The ecological fallacy is committed when improper claims about individual characteristics are made on the basis of data about collections of individuals. The error is fundamentally a statistical one, as statements that apply to groups do not necessarily apply to individual members of that group. A simple example would be the following: “A study showed that people who wear glasses have above-average intelligence. You wear glasses, so you must be intelligent.” This argument is fallacious because it is not possible to infer an individual’s characteristics on the basis of the fact that they are part of a group (spectacle wearers) which has particular characteristics. The individual in question may or may not share the characteristic – there is no way to tell by considering only information about the group as a whole.
This fallacy is often found in relation to interpretation and application of statistical data. It is common to claim that because a certain individual is a member of a particular group, and overall this group tends to have a certain trait, this person will also have that trait. Any such claim is fallacious unless it is made probabilistically (e.g. saying “it is more likely that they will have this trait” rather than “they will have this trait”), and even then one must exercise caution, since many biases hamper our ability to make probability judgements of this sort.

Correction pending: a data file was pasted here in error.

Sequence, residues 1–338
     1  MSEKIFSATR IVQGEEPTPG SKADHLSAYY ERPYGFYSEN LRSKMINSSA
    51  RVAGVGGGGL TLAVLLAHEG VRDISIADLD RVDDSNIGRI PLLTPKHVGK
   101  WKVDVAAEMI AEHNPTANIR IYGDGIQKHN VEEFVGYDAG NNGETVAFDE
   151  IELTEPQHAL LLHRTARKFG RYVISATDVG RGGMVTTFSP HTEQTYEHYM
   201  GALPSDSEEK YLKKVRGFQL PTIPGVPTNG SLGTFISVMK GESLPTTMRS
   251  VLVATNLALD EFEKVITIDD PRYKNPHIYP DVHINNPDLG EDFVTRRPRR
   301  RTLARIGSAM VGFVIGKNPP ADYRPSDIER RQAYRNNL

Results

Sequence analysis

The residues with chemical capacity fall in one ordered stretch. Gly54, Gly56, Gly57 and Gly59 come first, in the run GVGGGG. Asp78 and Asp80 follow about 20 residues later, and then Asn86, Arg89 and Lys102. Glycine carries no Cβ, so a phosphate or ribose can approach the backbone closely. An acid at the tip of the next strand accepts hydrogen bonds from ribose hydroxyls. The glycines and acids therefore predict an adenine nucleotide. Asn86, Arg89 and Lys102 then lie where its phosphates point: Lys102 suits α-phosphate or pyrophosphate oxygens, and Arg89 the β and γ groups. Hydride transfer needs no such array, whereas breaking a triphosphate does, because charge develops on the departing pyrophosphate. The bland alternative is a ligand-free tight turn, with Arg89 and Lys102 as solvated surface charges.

Ecological fallacy: overview from Changing Minds
Ecological fallacy: overview from Encyclopedia.com